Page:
Around 3 a.m. on May 7, 2010, Metropolitan Police Officers Derek Gawrilow and Benjamin Finck saw a car moving on the road without having its lights on. They ordered appellant, who was driving, to pull over. Appellant continued to drive about a block before stopping; during that time the officers observed his shoulders moving. Upon approaching the driver's window to request information, Officer Gawrilow noticed a “fairly strong” smell of alcohol coming from the car. Tr. Mot. Hr'g, Oct. 6, 2010, at 13. Both officers saw a clear plastic cup in a backseat cup holder and a puddle of liquid on the floorboard near the driver's seat. Officer Gawrilow testified that he asked appellant to hand him the cup, and that upon examining it he saw “a small amount of red liquid,” which “smelled consistent with the odor of [an] alcoholic beverage.” Id. at 14; see id. at 58. The officers arrested appellant for possession of an open container of alcohol in a vehicle in violation of D.C.Code § 25–1001(a)(2), and then searched the car for “additional items of evidence” related to that charge, Tr. Mot. Hr'g at 23. Officer Finck found a Glock .40 caliber handgun under the driver's seat; it was loaded with 14 rounds of ammunition. The officers did not issue appellant a citation for driving without having his car lights on in violation of D.C. Mun. Regs. Tit. 18 § 703.1.

Appellant, who had previously been convicted of two felonies, was indicted by a federal grand jury on one count of unlawful possession of a firearm by a felon in violation of 18 U.S.C. § 922(g)(1). After an evidentiary hearing, the district court denied appellant's motion to suppress the gun and ammunition, rejecting his argument that the officers lacked probable cause to arrest him and therefore lacked grounds to search the car for related evidence. Appellant entered a conditional guilty plea to the indictment pursuant to Federal Rule of Criminal Procedure 11(a)(2). The pre-sentence investigative report calculated the U.S. Guidelines sentencing range at 57 to 71 months' imprisonment, based on a offense level of 24, appellant's early acceptance of responsibility, and his criminal history. The district court sentenced appellant to 57 months' imprisonment and 36 months' supervised release.

II.

D.C.Code § 25–1001(a)(2) provides that “no person in the District [of Columbia] shall ․ possess in an open container an alcoholic beverage in ․ [a] vehicle in or upon any street, alley, park, or parking area․” It is a misdemeanor offense, punishable by a maximum fine of $500, or imprisonment for a maximum of ninety days, or both. Id. § 25–1001(d). Appellant does not deny that he was driving the car at night without lights in violation of D.C. Mun. Regs. Tit. 18 § 703.1, or that the officers' stop of the car was lawful, see Whren v. United States, 517 U.S. 806, 810, 116 S.Ct. 1769, 135 L.Ed.2d 89 (1996). Instead he contends that the police lacked probable cause to arrest him for violating D.C.Code § 25–1001(a)(2) because there was an insufficient amount of liquid in the cup.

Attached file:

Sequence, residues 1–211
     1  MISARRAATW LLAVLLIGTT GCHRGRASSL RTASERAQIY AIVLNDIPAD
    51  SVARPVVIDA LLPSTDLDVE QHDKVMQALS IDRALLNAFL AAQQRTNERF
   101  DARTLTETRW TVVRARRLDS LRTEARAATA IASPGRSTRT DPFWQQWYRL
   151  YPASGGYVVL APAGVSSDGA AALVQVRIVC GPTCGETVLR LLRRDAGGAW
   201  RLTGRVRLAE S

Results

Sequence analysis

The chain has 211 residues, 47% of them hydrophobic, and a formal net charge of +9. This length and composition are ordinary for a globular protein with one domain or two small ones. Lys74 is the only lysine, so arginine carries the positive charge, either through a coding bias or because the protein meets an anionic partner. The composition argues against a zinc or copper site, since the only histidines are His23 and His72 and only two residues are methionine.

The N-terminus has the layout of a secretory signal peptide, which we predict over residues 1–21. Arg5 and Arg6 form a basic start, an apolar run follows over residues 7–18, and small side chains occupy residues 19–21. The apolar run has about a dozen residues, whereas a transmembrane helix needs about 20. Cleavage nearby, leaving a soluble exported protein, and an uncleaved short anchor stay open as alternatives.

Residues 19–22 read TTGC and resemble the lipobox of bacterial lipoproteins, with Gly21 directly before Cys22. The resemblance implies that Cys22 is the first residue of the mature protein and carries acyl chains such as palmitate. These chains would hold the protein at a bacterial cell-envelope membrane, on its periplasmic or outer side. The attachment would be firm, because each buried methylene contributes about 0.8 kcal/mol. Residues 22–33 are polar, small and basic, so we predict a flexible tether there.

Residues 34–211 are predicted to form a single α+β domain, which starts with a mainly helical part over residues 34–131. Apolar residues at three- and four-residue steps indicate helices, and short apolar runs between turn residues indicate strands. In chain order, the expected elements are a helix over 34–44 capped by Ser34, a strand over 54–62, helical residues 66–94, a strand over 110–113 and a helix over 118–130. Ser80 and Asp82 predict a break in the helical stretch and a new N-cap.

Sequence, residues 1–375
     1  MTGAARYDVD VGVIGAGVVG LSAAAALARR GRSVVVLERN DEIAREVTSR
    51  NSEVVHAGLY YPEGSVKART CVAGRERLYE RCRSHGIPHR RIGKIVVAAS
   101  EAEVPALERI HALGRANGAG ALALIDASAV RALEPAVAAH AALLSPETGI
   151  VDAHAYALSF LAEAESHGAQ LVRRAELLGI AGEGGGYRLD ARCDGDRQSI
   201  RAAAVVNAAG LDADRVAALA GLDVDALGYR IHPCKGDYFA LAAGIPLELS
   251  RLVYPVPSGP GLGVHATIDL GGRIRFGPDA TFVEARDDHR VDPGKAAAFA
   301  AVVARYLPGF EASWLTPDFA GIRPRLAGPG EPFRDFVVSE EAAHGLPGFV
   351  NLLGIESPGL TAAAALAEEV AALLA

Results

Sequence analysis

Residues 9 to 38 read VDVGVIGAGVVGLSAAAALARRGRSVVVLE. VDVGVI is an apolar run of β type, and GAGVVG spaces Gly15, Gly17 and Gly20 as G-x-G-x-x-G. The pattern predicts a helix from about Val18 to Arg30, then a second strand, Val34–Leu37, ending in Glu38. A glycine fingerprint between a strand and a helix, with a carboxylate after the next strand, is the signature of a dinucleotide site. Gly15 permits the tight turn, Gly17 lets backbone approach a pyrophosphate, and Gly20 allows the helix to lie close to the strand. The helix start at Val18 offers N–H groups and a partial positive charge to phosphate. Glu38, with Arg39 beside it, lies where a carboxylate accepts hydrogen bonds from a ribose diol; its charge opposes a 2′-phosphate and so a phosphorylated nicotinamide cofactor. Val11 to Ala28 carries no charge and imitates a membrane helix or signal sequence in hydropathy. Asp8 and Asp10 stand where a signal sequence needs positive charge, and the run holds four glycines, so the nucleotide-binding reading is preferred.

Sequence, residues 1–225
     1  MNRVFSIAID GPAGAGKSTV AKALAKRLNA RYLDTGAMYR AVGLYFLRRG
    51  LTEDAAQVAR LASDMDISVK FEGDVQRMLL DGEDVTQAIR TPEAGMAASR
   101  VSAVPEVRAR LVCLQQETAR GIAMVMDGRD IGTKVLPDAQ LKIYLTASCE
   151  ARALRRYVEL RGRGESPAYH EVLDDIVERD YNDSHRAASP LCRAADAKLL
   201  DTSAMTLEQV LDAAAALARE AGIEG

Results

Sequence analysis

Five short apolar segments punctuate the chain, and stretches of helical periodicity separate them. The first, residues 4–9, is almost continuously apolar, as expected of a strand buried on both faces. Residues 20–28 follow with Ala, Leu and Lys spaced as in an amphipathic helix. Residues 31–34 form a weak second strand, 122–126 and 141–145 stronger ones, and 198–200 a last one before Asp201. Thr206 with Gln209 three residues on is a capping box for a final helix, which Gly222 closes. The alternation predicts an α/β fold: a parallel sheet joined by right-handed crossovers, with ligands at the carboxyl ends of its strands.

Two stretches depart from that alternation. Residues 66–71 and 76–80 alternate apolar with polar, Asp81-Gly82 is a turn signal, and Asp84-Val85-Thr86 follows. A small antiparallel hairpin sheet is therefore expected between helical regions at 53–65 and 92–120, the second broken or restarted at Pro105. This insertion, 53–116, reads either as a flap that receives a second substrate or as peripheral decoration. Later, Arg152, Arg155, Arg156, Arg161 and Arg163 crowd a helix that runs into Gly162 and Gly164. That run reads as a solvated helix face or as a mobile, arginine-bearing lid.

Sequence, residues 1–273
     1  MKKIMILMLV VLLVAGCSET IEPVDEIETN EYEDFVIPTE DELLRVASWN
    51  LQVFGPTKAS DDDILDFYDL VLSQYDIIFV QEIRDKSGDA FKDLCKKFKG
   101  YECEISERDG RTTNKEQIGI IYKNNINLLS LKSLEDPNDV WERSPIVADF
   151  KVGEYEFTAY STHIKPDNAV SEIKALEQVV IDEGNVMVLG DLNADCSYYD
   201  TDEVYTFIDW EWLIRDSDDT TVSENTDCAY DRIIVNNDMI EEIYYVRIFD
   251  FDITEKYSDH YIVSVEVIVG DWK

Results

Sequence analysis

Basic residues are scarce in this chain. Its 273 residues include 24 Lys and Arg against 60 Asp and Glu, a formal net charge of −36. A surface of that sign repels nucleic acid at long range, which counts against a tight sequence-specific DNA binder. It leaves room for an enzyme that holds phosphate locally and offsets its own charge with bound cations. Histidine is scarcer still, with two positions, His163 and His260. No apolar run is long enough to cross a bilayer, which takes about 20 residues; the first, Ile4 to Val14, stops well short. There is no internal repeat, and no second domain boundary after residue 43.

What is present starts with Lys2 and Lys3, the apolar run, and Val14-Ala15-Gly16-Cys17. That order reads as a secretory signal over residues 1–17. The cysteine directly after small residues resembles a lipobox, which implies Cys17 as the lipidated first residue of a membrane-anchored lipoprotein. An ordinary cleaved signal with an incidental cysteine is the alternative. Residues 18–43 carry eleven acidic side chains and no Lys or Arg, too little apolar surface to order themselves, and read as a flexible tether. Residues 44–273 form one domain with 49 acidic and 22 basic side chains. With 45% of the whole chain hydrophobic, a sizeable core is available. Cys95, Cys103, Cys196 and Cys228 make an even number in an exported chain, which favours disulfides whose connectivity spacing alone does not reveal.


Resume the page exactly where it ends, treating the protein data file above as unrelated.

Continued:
Probable cause to arrest exists where a police officer has information “sufficient to warrant a prudent [individual] in believing that the [suspect] had committed or was committing an offense.” Beck v. Ohio, 379 U.S. 89, 91, 85 S.Ct. 223, 13 L.Ed.2d 142 (1964); see Illinois v. Gates, 462 U.S. 213, 230–31, 103 S.Ct. 2317, 76 L.Ed.2d 527 (1983). This court reviews the determination of probable cause de novo, while reviewing historical facts for clear error and giving due weight to inferences drawn by the district court and the police. See Ornelas v. United States, 517 U.S. 690, 699, 116 S.Ct. 1657, 134 L.Ed.2d 911 (1996).

The fact that the cup contained only a small (or “infinitesimal,” Appellant's Br. 8) amount of red liquid at the time of the officers' observations does not, as appellant suggests, demonstrate a lack of probable cause to believe he was violating the prohibition against possessing an open container of alcohol in a vehicle on the road. Appellant was the only person in the car at the time the officers noticed he was driving without having his car lights on. He does not challenge either the characterization of the cup as an open container, see D.C.Code § 25–101(35), or the district court's findings that the police identified the odor of alcohol coming from the car, the cup, and the puddle behind the driver's seat, and saw appellant's shoulders moving while driving the car an additional block. This evidence supports the district court's conclusion that a reasonable officer could infer that appellant had poured alcohol out of the cup and onto the car floorboard before obeying the police signal to pull over and stop the car. See Derosiers v. Dist. of Columbia, 19 A.3d 796, 799–801 (D.C.2011).